- chemotactic for WBC
- major products: HPETE, HETE, Di-OH ETE, lipoxins
What therapeutic agents and target sites to inhibit eicosanoids
see cell injury lecture pg 21
- Aspirin Indomethacin: inhibit cycloxygenase pathway → ∅ prostaglandings → ∅ pain

- New pharmacological agents? "non-steroidal" Leukotriene modifiers or blockers: inhibit lipoxygenase pathway → ∅ leukotriene
--useful for asthma, or intense vasoconstriction

- corticosteroids - block parent molecule of making arachindonic acid → anti-inflammatory → ↓ production of other products in cyclooxygenase and lipoxygenase pathway
What inhibits Prostaglandins (PG) and Thromboxane (TX)?
steroids and NSAIDS
What inhibits Leukotrienes?
steroids & LT modifiers (Zafirlukast - Accolate)
cytokines
mediator of inflammation

cell signaling molecules produced by WBCs & endothelium

induces WBC aggregation & primes cells for inflammatory effects
Tumor necrosis factor (TNF)
- regulates immune cells & stimulates acute phase reaction
- usually produced by activated macrophages
- induces fever, apoptosis, sepsis & cachexia
what inhibits Tumor necrosis factors? (TNF)?
TNF inhibitor
infliximab, etanercept & others
used in CHRONIC (not acute) inflammatory Dz's (RA, IBD)
Factor XII (Hagemen Factor)
Mediator of Inflammation

activated by platelets or exposed collagen turns on 3 systems
- kinin
- coagulation
- fibrinolysis
Bradykinin (Kinin system)
mediator of inflammation

induces -
vasodilation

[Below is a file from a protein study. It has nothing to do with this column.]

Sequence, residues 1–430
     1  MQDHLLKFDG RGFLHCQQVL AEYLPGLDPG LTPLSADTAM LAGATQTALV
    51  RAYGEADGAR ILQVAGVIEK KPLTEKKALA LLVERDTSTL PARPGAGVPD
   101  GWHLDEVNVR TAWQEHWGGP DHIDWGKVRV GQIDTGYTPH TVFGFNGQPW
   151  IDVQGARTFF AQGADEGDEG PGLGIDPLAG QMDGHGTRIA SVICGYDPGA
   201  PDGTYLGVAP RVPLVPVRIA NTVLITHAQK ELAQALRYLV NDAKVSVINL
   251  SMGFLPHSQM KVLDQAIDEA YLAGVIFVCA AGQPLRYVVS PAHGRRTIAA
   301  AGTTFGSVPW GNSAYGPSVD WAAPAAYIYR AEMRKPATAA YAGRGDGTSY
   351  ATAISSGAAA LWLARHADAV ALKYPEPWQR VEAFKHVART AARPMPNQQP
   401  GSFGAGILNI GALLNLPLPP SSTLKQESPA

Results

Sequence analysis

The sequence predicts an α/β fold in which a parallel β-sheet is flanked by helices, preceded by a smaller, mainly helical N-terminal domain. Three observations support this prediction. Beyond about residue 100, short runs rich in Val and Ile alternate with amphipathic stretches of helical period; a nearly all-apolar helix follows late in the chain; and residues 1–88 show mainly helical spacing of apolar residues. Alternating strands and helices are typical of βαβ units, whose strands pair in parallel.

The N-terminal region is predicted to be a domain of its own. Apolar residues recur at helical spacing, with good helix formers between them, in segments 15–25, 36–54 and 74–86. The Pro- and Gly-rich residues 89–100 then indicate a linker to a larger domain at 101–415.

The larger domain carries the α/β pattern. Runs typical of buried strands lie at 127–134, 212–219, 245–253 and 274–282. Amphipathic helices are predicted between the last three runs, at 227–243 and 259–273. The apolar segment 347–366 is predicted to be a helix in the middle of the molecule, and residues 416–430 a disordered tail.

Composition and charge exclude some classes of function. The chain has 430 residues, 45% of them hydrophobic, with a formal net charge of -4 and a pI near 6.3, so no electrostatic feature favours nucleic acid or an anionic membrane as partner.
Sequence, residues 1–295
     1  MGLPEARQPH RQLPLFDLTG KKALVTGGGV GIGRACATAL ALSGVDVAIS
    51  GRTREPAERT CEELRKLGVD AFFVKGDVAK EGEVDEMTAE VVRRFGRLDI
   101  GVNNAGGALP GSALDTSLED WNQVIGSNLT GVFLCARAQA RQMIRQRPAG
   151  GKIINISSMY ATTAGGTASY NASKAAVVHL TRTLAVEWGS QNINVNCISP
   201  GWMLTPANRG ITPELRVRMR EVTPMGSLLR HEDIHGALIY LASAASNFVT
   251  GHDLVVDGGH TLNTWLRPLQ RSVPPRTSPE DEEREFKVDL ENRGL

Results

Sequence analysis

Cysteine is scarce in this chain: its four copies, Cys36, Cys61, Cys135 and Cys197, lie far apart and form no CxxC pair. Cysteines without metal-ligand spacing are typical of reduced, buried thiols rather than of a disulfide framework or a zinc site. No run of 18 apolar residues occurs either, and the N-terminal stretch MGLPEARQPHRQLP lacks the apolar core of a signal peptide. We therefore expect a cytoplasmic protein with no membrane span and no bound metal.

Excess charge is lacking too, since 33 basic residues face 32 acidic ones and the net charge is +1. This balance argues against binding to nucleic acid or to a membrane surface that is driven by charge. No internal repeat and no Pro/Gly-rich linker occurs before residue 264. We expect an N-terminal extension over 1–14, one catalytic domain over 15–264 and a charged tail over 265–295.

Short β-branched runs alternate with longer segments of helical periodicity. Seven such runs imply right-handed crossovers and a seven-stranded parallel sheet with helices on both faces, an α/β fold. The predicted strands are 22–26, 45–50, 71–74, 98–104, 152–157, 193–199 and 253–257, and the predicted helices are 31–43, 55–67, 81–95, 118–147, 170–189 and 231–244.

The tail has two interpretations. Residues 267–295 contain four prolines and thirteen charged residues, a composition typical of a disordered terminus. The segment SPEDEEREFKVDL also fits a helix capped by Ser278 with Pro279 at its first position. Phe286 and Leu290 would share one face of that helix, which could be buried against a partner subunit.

↑ capillary permeability
complement
mediator of inflammation

complement: blood proteins that help w/ opsonization, chemotaxis & formation of the membrane attack complex

also forms anaphylatoxins C3a & C5a
anaphylatoxin effects
anaphylatoxins (C4a, C3a, C5a) -->
- chemotactic, stimulate immune responses
- suppress immune responses
- bronchoconstriction
- vasoconstriction
- edema
inflammation acute phase reactions
- fever, ↓ appetite & ↑ catabolism
- severe cases - hemodynamic Δs
- ↑ hepatic synthesis of: C-reactive protein (CRP), complement, coagulation poteins
Inflammation peripheral WBC Δ
leukocytosis
↑ # immature PMNs -
- "shift to the left"
- "left shift"
- "bandemia"
list post-inflammation outcomes
- complete resolution
- fibrosis
- abscess formation
- chronic inflammation
complete resolution
return of normal tissue
usually occurs w/ small or short lived injuries
fibrosis
- healing by CT replacement
- occurs after substantial tissue destruction
also occurs -
- in tissues that DO NOT regenerate
- w/ excessive fibrinous exudate
abscess formation
occurs w/ pyogenic (pus-producing) infections
chronic inflammation
occurs when acute response cannot be resolved 2° to
- persistence of injuring agent
- interference in healing process
- duration: weeks → months w/ simultaneous tissue healing & destruction
- serves to contain & remove an agent or process w/in a tissue
- tissue macrophages are major cell involved in process
- HALLMARK: destruction of parenchymal cells & stromal framework
granulomatous inflammation
distinct type of chronic inflammation in response to indigestible substances

predominant cell types
- macrophage w/ epithelial cell-like appearance & produces a granuloma
where does granulomatous inflammation occur?
chronic immune Dz
certain infections (eg TB)
foreign body response
wound healing
restoration of tissue integrity after injury

wounds undergo:
contraction
formation of granulation tissue
-- angiogenesis
-- cell proliferation
new extracellular matrix
scar formation
tissue regeneration
wound healing methods
1° intention
- wounds have → apposed edges
- wound type: lacerations, surgical incisions
- thin scar
- color Δs red → white ~ 3 months

2° intention
- wounds have largely separated edges
- wound type: crush, gouges, infected or chronic wounds
- large amounts of fibrin, necrotic debris & exudate → intense inflammation & large scar
wound healing complications
- reopening of wound from various causes dehiscence (wound that falls apart)
- keloid: scar w/ ↑ collagen formation
exuberant granulation: excessive granulation tissue